Tickling the ivories may have helped, but one way or another, Jeff Goldblum as an eccentric private eye is hitting a high note with international TV buyers.
That was the word from the NBC Universal lot Wednesday as the L.A. Screenings segued toward its finale Friday.
Goldblum was among a number of stars and producers who have been wining and dining foreign buyers this week. The actor regaled guests with his playing at a private dinner at the home of NBC U Intl. TV prexy Belinda Menendez Tuesday night.
Aside from Goldblum’s cop drama “Raines,” the studio is licensing three other hours and two sitcoms as well as series from the USA net and Sci Fi Channel, which include “Psych,” a companion series for “Monk.”
Sales execs on the lot Wednesday morning were quick to say that different buyers had found things to like in most all the studio’s latest output.
“We have a great lineup for international this year, and the buyers have been very receptive,” Menendez told Daily Variety. “There seems to be universal appeal in all our shows. In “Heroes,’ for example, a main character is Indian and another is Japanese. It, too, seems to be going over well.”
She also said that the talent connected to the new shows are increasingly getting what the international biz is all about. Many, Menendez said, have been available all week to talk to clients about everything from story arcs to possible promo tours abroad. Among them: Goldblum; Paul Haggis and Jonathan Tucker (exec producer and star of “The Black Donnellys”); Andy Richter (“Andy Barker”); and exec producer David Shore (“House”).
Sitcoms also are getting a look-see at all the studios, perhaps because there’s been such a dearth of good ones Stateside and some reality shows abroad are on the wane.
One buyer from Western Europe said Wednesday that he found NBC U’s Tina Fey laffer “30 Rock” “a hoot,” while another said he was “surprisingly amused” by Disney’s “Let’s Rob …,” which is about a group of working-class guys who try to rip off Mick Jagger’s apartment.
NBC U’s “Friday Night Lights” will, by general consensus, have a tough time with international buyers, as it’s set in a small Texas town obsessed with football — the American kind, not soccer.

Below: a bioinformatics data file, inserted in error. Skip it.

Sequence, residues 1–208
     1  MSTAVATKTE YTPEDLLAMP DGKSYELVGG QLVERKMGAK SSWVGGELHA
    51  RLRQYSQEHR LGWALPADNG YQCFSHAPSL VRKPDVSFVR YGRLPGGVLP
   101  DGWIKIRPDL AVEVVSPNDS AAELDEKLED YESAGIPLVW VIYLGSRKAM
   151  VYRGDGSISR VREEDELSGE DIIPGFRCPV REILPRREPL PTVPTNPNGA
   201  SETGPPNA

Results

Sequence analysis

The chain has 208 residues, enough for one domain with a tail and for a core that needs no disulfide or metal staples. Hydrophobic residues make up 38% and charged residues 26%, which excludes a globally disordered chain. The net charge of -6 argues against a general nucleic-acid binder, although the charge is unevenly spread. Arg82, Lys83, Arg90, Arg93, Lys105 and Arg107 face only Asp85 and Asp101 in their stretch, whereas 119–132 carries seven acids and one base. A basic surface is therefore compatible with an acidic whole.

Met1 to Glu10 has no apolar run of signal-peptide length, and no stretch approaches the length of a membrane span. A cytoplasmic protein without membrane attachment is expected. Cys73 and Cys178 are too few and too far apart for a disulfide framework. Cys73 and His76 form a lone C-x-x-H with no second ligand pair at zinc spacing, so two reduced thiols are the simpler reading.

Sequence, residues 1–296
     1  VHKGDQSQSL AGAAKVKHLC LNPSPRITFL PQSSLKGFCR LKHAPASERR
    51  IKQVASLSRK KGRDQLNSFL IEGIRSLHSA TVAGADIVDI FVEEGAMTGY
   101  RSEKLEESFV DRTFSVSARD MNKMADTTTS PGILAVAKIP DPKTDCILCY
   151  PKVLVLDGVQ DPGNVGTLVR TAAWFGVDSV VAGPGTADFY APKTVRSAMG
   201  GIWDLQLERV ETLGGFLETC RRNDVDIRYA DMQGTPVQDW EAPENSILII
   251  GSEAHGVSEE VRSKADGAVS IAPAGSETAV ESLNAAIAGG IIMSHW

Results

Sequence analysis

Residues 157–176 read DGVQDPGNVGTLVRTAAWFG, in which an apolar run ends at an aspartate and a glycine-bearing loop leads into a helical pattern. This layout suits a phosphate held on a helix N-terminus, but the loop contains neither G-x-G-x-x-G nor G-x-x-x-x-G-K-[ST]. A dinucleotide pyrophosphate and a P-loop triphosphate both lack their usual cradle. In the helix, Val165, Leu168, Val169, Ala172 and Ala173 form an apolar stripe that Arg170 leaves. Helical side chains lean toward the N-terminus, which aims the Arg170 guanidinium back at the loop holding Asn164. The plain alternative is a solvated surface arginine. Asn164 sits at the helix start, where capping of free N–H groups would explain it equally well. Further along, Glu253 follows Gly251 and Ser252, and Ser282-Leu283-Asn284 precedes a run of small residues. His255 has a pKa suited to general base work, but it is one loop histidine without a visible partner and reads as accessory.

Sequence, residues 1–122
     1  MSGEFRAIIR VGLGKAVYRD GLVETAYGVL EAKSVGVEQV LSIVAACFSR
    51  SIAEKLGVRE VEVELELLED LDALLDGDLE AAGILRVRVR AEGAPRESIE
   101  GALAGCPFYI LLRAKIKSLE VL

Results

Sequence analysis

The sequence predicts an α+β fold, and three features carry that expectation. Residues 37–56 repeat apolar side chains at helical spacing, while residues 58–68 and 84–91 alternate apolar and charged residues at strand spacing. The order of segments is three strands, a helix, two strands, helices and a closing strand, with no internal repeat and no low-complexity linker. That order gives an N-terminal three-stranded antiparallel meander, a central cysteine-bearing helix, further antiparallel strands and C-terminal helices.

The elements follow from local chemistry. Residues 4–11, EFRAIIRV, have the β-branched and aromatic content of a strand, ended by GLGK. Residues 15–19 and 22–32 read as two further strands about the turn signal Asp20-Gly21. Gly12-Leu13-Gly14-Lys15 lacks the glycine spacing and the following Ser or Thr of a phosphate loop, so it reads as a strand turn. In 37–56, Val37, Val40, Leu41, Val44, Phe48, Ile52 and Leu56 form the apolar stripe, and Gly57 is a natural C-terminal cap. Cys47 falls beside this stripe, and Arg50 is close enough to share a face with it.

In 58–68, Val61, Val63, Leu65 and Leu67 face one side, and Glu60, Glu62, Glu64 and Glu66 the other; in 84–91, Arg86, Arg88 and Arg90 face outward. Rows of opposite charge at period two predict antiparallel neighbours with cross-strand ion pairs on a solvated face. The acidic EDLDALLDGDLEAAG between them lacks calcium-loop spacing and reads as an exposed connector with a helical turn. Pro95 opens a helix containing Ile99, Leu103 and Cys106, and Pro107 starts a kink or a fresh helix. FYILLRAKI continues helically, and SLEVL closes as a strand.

Buyers questioned on the Universal lot and later by phone continued to insist that they had not yet finalized their buying plans and had, in any case, not yet seen every studio’s output. None pointed to a standout show, but most praised the production qualities of just about everything.
The 1,500 buyers are in town this week to assess, and perhaps buy some of, the primetime series that will debut in fall on the five U.S. broadcast networks.
Meanwhile, on the Sony lot, a number of buyers have been giving a thumbs-up to action drama “Kidnapped,” which sales execs described as “24” crossed with “Man on Fire.”
Sony has its largest batch of network-bound shows in several years, including not only “Kidnapped” but also “Runaway” for the CW and sitcoms “‘Til Death” and “Big Day.”
Sony Intl. TV exec VP Keith LeGoy said Sony was avoiding the so-called “Fugitive” syndrome — making sure money is spent not just on the pilot but also on all the episodes of “Kidnapped.” (A series version of “The Fugitive” was launched several years ago by Warners, with a hugely expensive pilot but disappointing episodes thereafter. It quickly fizzled upon its U.S. debut.)
LeGoy also said buyers were responding well to the premise and star of “‘Til Death.”
“It is what it is,” LeGoy told Daily Variety: “a classic sitcom with a well-known star (Brad Garrett) and a universal concept (love and marriage). It could easily play a role filling a slot around 6 p.m. on many stations.”
Among the Latin buyers, Sony’s recently announced Spanish-language telenovela for Telemundo, “Zorro,” seems to have scored high marks.
Finally, rival clutches of Canuck buyers continued to trawl through the 40-odd new series on offer from the six major studios and set Thursday evening as the cutoff time for making their deals. Because of spillover signals from the U.S., rivals Global, CTV and Chum buy between them almost all the new U.S. shows. They officially set their own fall skeds in 10 days.